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  • The Body Soviet: Propaganda, Hygiene, and the Revolutionary State
  • Brian Lapierre
The Body Soviet: Propaganda, Hygiene, and the Revolutionary State. By Tricia Starks. Madison: University of Wisconsin Press, 2008. 336 pp. $65.00 (cloth); $26.95 (paper).

In her book The Body Soviet, Tricia Starks examines the propaganda discourse on health, hygiene, and sanitation in Soviet Russia during [End Page 547] the New Economic Policy (NEP) era (1921–1928). Health care, she argues, was an issue of vital importance to an early Soviet state that needed healthy citizens in order to promote population growth, expand industrial production, improve military readiness, and recover from the demographic disaster of almost a decade of total war, civil war, multiple revolutions, mass famine, and epidemic infectious disease. In its concerns over population decline and state power, the early Soviet state, as Starks points out, echoed many of the anxieties of European, American, and prerevolutionary Russian social reformers and public health professionals. Where the early Soviet campaign on health differed, she asserts, from those of its ideological archenemies in the industrial democracies was in its ideological utopianism and in its aggressively invasive nature.

Soviet health and hygiene polices, Starks shows, were part of a Bolshevik project to use science, propaganda, and state power to create a clean-living class of enlightened and orderly Soviet subjects capable of constructing communism and proving its superiority to a capitalist world plagued by ineradicable dirt, disorder, and decline. Starks traces the roots of the Bolshevik romance with hygiene to the utopian socialist writings dear to the heart of Russia's nineteenth-century revolutionary intelligentsia, all of which celebrated science, communalism, and cleanliness. From these popular writings, the Bolsheviks, Starks argues, learned to see dirt and disorder in political terms as symbols of superstitious tradition and of an oppressive capitalist system that had to be conquered to create both a healthy body politic and an antiseptic communist modernity purged of the backward politics, people, and pathogens of the bourgeois past.

To assist in their efforts to both banish dirt and build communism, the Soviet state had, at its disposal, the social hygienists of the People's Commissariat of Health and their grassroots community volunteers. These activists sat at the apex of an institutional infrastructure of dispensaries, sanatoriums, and consultation points through which the Soviet system sought to instill in its subjects the civilizing practices of rational, orderly, and sanitary living. Based on Western and prerevolutionary precedents, these institutions used on-site care, intrusive home inspections, and extensive propaganda efforts (ranging from educational pamphlets and posters to movies and mock trials) to saturate society with the message of Soviet hygiene.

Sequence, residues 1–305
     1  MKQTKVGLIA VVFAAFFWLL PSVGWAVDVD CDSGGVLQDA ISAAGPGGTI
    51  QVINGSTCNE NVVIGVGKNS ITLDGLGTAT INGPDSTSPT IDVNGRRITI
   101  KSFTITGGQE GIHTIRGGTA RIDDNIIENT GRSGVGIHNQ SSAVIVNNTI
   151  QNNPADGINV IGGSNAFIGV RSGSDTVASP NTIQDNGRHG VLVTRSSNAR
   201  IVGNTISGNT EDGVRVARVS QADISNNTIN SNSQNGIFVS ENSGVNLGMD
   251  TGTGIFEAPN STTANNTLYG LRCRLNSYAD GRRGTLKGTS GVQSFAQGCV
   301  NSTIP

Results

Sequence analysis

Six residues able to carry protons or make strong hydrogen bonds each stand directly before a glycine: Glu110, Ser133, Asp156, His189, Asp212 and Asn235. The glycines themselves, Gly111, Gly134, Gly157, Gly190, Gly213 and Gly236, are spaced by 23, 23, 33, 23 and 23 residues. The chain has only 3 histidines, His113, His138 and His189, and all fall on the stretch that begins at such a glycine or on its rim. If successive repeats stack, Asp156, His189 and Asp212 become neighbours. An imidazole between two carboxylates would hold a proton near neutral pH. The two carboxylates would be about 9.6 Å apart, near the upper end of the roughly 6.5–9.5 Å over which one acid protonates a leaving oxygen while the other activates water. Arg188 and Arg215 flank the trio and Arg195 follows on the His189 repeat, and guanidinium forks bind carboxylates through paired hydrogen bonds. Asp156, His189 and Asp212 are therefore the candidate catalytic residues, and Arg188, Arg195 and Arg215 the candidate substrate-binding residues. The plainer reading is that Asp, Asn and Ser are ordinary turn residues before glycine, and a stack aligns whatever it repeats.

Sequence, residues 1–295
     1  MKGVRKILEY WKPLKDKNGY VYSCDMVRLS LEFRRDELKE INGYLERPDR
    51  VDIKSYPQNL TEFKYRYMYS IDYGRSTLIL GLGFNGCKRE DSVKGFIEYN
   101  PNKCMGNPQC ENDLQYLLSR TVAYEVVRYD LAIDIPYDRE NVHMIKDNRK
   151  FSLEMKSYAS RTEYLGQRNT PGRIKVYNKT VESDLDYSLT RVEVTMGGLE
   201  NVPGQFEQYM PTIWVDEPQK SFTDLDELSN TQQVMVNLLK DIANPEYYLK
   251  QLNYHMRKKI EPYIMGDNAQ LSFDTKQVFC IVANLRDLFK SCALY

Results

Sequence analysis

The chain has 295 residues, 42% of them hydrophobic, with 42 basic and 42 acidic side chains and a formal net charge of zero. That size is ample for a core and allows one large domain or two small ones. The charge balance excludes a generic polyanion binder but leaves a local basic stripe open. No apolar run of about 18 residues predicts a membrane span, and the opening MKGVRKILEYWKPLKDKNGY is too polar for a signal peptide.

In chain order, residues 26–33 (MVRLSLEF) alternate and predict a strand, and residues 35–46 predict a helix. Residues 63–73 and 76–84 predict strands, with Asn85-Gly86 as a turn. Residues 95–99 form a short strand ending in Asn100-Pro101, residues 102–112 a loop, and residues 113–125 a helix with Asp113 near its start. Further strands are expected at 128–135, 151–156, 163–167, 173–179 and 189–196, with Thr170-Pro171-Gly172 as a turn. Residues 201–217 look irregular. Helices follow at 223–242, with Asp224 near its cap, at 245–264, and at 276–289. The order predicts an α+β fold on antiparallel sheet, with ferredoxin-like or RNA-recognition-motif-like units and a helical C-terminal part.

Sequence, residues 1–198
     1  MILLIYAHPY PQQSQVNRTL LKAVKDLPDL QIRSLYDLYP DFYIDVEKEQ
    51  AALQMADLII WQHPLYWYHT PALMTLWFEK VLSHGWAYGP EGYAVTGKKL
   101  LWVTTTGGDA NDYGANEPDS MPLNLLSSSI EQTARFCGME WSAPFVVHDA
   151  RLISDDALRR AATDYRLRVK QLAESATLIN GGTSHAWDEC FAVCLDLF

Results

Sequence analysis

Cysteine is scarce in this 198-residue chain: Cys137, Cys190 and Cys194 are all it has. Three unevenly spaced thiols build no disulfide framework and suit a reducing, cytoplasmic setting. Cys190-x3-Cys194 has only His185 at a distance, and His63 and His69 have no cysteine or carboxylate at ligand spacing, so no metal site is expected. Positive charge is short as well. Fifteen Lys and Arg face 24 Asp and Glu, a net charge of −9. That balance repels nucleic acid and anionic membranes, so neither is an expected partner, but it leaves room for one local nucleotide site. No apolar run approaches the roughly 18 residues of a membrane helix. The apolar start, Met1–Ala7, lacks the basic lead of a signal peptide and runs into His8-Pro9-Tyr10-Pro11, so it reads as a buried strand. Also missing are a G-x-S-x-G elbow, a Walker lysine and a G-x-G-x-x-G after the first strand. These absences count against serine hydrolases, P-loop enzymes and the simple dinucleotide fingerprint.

Soviet attempts to create a clean-living society also involved efforts to instill ideologically appropriate leisure practices and to avoid the contamination of a NEP-era cityscape lurking with petty capitalist [End Page 548] entrepreneurs, prostitutes, and corrupting Western influences and entertainments. In special institutions like spas and houses of leisure, Soviet citizens could rest and relax in an acceptable environment centered not on chain smoking, problem drinking, and sexual promiscuity but on self-improvement, physical culture, and the construction of clean and incorruptible communist minds and bodies. Attempts to instill appropriate health and hygiene regimes also led to the recruitment and activation of grassroots volunteers to invade and inspect homes for possible sources of pollution.

To aid these policies, Soviet hygienists targeted the overworked wives and mothers who, as the agents of stifling tradition and the masters of the domestic sphere, served paradoxically as both the cause of household dirt and disorder and as the only source for a potential solution to these pervasive problems. As source and solution to the unclean domestic order, Soviet women had to be educated, guided, and assisted by the hygiene establishment and its activist base. As the womb of the proletariat, Soviet womanhood also had to be subjected to the state's pronatalist policies and propaganda devoted to the healthful and ideologically wholesome rearing of children.

While spending much of the text's space analyzing the verbal and visual discourse of the social hygienists' clean-living campaigns, Starks does not lose sight of the many difficulties these enterprises faced. Most urgently, these...


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pp. 547-550
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